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BUCKS 83, CELTICS 79

Switching gears, Celtics stall a bit

MILWAUKEE -- The first loss of the Wally Szczerbiak Era showed what happens when adrenaline runs low and thought overtakes instinct. It is one thing to arrive at an arena tired and hungry less than an hour before tipoff as he did Friday night, then ''just play basketball" as he did with friends growing up on Long Island. It is quite another to take the floor after one practice with your new teammates, try to remember the plays, and then execute in a close game.

From almost the opening minute of Boston's 83-79 loss to Milwaukee at the Bradley Center yesterday afternoon, Szczerbiak could be heard asking coach Doc Rivers questions. He huddled with point guards Delonte West and Orien Greene as the youngsters tried to explain plays. Rivers and the rest of the Celtics desperately wanted to involve Szczerbiak, as he played a team-high 41 minutes and took 15 shots, second only to Paul Pierce (18). But they may have forced some of the action on offense. There were miscues like the one where Raef LaFrentz attempted to pass to Szcerbiak with a chance to tie the game late in the fourth. Szczerbiak cut toward the low post. LaFrentz threw the ball toward the 3-point arc and it sailed out of bounds.

''My [Celtics] playbook consists of point, v, fist, invert, fist down, hammer," said Szczerbiak (a team-high 20 points). ''I'm just going to have to get better at when to attack, when not to attack, what my teammates like to do. It's totally different from what I've been playing in, but it's how I've always longed to play."

The education and integration of Szczerbiak helped explain why the Celtics shot 40 percent from the floor, even though they entered second in the league in field goal percentage (47.2 percent). It also helped explain why, despite a strong defensive effort (Milwaukee also shot 40 percent), Boston lost. With every possession counting down the stretch, it was not the best time to be figuring out plays and developing chemistry. But the Celtics were confident the experience would benefit them soon.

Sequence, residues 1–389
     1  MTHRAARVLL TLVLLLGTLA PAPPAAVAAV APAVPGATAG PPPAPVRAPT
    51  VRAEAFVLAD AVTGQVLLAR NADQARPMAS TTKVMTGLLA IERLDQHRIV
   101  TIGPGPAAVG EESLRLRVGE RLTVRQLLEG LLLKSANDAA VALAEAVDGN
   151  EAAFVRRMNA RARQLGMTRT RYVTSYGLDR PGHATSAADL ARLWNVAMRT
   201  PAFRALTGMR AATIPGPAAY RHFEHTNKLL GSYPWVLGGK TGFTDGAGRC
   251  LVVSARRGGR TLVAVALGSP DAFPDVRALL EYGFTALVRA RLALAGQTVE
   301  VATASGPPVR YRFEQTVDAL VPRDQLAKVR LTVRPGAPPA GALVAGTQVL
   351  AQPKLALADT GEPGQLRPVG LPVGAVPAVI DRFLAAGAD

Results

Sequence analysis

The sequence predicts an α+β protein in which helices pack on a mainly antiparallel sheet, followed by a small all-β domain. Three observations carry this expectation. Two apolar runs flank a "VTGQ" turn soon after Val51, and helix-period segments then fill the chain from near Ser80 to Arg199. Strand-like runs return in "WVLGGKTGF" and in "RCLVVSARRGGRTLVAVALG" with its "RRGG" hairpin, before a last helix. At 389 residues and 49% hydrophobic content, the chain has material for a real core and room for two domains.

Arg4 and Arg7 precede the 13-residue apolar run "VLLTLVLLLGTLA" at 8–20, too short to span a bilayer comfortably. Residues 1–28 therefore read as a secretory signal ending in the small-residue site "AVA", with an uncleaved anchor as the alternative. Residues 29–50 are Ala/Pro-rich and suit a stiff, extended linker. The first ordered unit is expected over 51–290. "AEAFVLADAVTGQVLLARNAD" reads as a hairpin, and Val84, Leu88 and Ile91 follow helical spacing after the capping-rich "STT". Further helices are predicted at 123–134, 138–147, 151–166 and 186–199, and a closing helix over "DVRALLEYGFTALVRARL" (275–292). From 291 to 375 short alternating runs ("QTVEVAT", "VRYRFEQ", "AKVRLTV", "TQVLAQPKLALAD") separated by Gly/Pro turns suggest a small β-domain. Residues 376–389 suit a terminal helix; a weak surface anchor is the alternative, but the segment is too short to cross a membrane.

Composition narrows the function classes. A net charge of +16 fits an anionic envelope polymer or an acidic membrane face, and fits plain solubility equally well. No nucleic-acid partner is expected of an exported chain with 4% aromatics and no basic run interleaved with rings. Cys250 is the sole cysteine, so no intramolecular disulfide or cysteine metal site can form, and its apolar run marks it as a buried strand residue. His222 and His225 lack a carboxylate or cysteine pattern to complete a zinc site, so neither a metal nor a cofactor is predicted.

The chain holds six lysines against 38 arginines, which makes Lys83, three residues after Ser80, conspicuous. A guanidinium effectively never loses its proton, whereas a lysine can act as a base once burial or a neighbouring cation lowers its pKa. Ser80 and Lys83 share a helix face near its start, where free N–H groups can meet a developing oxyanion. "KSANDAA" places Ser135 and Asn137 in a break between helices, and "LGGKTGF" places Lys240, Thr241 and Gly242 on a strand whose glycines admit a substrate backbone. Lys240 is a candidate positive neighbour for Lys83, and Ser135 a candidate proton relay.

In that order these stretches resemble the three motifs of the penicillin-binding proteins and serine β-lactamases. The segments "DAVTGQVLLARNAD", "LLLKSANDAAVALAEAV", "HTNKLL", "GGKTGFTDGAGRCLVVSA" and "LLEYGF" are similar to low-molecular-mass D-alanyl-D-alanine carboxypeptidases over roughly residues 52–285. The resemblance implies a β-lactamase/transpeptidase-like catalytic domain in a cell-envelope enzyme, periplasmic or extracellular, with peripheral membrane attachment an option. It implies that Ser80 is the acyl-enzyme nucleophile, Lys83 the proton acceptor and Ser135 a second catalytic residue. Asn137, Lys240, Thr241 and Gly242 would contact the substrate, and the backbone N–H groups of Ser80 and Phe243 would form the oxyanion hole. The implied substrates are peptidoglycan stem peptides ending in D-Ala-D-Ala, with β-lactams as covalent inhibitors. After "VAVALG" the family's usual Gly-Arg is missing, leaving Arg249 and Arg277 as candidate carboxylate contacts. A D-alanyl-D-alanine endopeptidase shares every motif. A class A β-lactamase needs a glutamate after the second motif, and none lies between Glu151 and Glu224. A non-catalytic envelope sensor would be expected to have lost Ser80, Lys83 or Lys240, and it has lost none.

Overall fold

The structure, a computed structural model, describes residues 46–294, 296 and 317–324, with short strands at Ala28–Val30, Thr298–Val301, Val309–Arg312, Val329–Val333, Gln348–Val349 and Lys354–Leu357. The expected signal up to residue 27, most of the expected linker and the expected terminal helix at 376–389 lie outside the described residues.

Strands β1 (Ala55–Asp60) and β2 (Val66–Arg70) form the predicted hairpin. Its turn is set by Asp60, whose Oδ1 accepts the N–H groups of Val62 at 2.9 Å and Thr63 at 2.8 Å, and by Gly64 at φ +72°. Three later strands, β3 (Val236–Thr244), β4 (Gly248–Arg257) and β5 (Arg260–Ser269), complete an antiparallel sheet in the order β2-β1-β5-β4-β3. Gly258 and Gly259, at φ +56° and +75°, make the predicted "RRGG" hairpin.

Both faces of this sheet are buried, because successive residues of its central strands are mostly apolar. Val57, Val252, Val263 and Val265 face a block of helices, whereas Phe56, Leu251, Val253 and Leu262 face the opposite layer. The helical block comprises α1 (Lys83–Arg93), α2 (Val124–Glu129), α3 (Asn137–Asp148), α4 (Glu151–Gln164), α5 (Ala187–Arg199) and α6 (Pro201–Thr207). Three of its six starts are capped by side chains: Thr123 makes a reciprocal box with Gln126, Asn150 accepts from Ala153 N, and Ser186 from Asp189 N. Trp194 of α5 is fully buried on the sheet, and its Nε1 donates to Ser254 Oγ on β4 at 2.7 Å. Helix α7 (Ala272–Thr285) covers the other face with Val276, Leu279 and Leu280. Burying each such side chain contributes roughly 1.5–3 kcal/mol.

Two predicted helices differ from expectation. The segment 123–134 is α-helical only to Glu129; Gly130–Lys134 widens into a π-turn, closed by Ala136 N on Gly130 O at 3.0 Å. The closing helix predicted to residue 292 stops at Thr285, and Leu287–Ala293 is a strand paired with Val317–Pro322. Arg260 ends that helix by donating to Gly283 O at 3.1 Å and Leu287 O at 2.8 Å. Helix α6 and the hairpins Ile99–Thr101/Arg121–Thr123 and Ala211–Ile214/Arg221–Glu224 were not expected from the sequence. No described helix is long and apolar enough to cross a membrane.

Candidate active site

''Down the stretch, they made tough shots, but I'm really happy with our effort and with the way we played defense consistently throughout," said Pierce (18 points, 6 rebounds, 6 assists). ''I told the guys. 'If we play like that for the rest of these games, we'll definitely get in the playoffs.' As time goes along, chemistry is going to come on the offensive side."

After entering halftime behind, 40-34, the Celtics trailed by just 1 point (57-56) at the start of the fourth. Boston fell behind by as many as 7 midway through the quarter, then rallied to make it a one-possession game. With 3 minutes 7 seconds remaining, the Celtics had a chance to tie the game when LaFrentz turned the ball over attempting to find Szczerbiak. It was one of just three turnovers the visitors committed in the second half. But, unfortunately, the ball found its way into the hands of Michael Redd, who had heated up. Redd scored 15 of his 21 points in the fourth, including a layup off the LaFrentz turnover. The next Redd basket was a 3-pointer that restored Milwaukee's 7-point advantage (79-72) with 1:29 left.

To the Celtics' credit, they continued to fight until the end. LaFrentz saved a ball from going out of bounds by flinging it over his head. It ended up with Szczerbiak, who banked in a 5-footer. Pierce hit a 3-pointer with 5.2 seconds left, bringing the Celtics within 2 (81-79) and giving them a last glimmer of hope. But the Celtics had trouble fouling on the Bucks' ensuing possession as T.J. Ford (15 points, 8 assists, 7 rebounds) sent an outlet pass to Charlie Bell for a layup at the buzzer.

''We are trying to run more stuff and, more importantly, down the stretch you could see that we were just trying to create stuff on the fly," said Rivers. ''I think guys tried to make stuff happen, knowing that half the stuff we were running was not run very well. But if you still move the ball and swing it, it'll find a guy anyway. That's something we need to learn.

''I think Wally is comfortable with his teammates. I don't think he's comfortable with the system and all that. I think he really wanted change and this is the perfect change for him. Now, we've got to win with him. That would be the best part."

Szczerbiak figures it won't be long until he figures out how to play within the Celtics' system. At least tonight Boston will face a Minnesota team going through the same growing pains for the same reasons. But that will present other challenges for Szczerbiak and the rest of the Celtics. The first trip back to the Target Center for Szczerbiak since being traded to Boston last Thursday may be more emotionally, than mentally, taxing.

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